Ex-Fairview councilor leads the campaign

After hearing Fairview’s city council might choose to cancel this year’s Chili on the Green festival, citizens have organized a group determined to save the town’s signature event.

Supporters of the festival are being encouraged to write letters to the city in order to show Fairview Mayor Mike Weatherby and city council members that the event is worth the financial burden.

“I hope to persuade the Fairview City Council that the festival is more than a budgetary line item, that the cost does not outweigh the benefits to the community,” said former Fairview Councilman Brian Cooper, who started the campaign with a “Save Fairview Chili Festival” Facebook group.

The possibility of canceling the event was discussed during a work session Wednesday, Jan. 16. Council members questioned the feasibility of holding a festival, which cost $20,000 in 2010, given Fairview’s severe budget restrictions.

“When the budget is so tight, I don’t know why we would budget $20,000 for a party,” Councilor Steve Prom said during Wednesday’s work session.

However, Cooper, who was on Fairview’s council in 2012, believes the city could afford to hold the festival but may wish to spend available funds elsewhere in the community.

“I was a Fairview city councilor 18 days ago,” he said. “I assure you, they do have the funds to support the festival. They may, however, wish to use those funds on different projects and must decide where those tax dollars best serve the community.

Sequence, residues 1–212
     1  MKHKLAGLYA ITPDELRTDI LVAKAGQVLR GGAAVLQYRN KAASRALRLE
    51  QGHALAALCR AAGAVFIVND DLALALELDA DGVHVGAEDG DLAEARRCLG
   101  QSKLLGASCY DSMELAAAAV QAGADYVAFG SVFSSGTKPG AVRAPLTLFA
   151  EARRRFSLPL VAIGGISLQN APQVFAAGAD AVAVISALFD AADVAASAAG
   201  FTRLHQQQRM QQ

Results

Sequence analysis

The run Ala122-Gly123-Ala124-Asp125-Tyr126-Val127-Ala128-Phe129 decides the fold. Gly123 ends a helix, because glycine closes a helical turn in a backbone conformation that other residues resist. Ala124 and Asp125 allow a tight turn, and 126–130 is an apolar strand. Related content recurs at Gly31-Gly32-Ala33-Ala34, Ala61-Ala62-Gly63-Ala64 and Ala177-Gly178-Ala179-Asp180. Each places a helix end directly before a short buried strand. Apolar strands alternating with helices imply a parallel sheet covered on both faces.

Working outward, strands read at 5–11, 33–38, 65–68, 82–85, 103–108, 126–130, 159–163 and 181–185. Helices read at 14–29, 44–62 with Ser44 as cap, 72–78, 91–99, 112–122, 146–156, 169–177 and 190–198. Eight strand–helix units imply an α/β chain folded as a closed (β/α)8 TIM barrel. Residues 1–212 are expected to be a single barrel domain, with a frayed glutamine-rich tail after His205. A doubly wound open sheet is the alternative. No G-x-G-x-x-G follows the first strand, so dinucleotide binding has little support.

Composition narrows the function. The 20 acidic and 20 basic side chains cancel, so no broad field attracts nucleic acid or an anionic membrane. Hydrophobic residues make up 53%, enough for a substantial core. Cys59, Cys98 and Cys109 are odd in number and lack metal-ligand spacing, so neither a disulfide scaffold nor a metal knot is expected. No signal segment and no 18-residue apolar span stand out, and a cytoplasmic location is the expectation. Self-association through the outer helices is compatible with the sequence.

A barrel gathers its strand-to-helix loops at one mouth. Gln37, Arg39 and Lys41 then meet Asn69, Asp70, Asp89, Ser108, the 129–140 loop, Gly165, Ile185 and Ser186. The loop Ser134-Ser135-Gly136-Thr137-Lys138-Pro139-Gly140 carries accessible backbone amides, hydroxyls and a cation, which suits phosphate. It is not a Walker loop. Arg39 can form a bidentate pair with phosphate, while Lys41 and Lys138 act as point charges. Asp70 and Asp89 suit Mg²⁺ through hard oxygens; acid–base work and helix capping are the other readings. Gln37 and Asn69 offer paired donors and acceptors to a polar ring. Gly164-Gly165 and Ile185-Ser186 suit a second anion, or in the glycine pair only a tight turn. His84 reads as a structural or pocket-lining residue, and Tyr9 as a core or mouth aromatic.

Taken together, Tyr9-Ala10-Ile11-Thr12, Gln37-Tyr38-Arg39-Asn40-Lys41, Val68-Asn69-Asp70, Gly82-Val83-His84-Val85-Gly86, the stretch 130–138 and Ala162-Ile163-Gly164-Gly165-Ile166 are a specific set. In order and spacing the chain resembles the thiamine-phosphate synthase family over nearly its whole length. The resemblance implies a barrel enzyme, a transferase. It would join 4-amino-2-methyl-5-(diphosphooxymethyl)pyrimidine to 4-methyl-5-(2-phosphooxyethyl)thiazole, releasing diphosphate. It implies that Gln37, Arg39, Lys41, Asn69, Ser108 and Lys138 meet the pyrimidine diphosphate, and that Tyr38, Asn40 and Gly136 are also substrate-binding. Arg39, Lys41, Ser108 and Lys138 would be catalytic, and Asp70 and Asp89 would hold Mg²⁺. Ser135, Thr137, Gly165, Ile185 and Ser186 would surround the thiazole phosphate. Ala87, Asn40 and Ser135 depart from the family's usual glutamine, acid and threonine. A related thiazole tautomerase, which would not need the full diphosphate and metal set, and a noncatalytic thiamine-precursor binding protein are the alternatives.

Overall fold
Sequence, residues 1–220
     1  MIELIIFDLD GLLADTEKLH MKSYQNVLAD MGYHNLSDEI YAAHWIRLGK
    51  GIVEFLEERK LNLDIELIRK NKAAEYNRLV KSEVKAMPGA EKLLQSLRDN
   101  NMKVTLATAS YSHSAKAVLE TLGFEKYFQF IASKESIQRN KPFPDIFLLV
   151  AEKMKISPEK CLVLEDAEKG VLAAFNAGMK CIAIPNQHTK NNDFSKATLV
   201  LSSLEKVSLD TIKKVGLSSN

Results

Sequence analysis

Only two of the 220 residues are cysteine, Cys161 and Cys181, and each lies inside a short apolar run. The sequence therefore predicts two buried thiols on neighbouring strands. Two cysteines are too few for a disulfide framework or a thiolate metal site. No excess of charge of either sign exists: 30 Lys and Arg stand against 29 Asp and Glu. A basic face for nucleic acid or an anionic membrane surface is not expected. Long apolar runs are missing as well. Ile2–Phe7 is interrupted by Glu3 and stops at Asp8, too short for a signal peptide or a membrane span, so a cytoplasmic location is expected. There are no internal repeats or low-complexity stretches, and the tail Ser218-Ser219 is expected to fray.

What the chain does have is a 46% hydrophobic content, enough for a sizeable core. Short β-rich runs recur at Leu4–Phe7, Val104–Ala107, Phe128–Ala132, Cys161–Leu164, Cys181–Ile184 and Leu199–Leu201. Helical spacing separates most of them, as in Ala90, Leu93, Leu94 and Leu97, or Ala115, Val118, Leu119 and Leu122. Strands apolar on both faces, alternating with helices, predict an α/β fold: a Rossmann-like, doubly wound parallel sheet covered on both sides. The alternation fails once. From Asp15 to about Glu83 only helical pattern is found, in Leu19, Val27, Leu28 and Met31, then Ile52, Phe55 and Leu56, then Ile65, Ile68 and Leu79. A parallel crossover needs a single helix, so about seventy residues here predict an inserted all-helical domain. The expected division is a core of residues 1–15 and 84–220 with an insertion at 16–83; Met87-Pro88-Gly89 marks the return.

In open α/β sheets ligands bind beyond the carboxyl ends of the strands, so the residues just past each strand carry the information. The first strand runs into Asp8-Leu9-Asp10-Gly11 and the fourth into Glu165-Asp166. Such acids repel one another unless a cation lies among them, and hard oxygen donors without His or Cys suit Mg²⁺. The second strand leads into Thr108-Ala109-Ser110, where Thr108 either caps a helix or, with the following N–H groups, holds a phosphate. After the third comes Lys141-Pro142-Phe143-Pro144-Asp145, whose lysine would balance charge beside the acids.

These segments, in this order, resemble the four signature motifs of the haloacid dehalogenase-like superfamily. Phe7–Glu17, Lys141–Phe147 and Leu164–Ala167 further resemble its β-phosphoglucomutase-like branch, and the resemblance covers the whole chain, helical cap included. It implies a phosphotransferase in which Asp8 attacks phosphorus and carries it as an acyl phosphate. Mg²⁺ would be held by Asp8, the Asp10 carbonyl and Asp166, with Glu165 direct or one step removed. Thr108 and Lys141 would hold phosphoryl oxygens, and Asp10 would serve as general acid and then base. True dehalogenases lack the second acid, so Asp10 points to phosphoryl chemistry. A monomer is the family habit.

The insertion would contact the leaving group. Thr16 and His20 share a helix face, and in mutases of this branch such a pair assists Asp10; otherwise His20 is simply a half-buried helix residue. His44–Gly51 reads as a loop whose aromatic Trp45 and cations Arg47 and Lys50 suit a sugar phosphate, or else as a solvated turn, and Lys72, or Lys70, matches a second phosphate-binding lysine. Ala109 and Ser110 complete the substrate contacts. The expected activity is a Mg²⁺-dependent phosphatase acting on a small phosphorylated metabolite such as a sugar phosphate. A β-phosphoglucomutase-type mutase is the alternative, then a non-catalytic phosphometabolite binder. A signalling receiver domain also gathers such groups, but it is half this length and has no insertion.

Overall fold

“It’s my opinion that community festivals like the Chili on the Green are worth the expense because the benefits are so many and so broad across the city and region.”

Currently, there is $5,000 that could be spent on the chili festival pending a vote by the council, Weatherby said. But before any decisions are made, the mayor asked Councilor Tamie Arnold and Council President Lisa Barton Mullins to evaluate the city’s options and report their findings at the council meeting Wednesday, Feb. 6.

“Having an event that tells the world about Fairview and invites them in to our home is important,” Weatherby said. “However, I do understand the money issue. My wish is that out of this will come some kind of event, and that’s the purpose of the special group.”

Cooper said community members plan to speak at the February council meeting.

They’ll likely address the council’s idea of replacing the chili festival with National Night Out, a neighborhood drug and crime prevention event held in many communities throughout the country.

Fairview last held National Night Out in 2011, when the city, again, faced financial shortcomings and decided to replace the chili festival with a cheaper event.

The council discussed combining elements of both events, but Cooper said National Night Out wouldn’t offer the same community benefits.

“National Night Out is not a festival,” Cooper said. “It is a community police awareness event. While National Night Out has its own benefits for the immediate community, it is a scheduled event in every city and does not have the economic, social or community benefits of a festival.”

Weatherby said that in less than a week, he’s received roughly 60 letters from individuals who want to see the festival held again this year.

“From the emails, you can see there are people who care and how popular it is,” Weatherby said.

Cooper hopes the activism will help keep the city from losing part of its identity.

“The community benefits that festivals bring are far beyond simple spreadsheets,” he said. “They indirectly boost community livability, tourism, economic development, public safety, city pride and even property values, to name a few.

“The Chili on the Green festival was doing exactly as it was intended. It brings the community together to share good food, good music and good shopping.”

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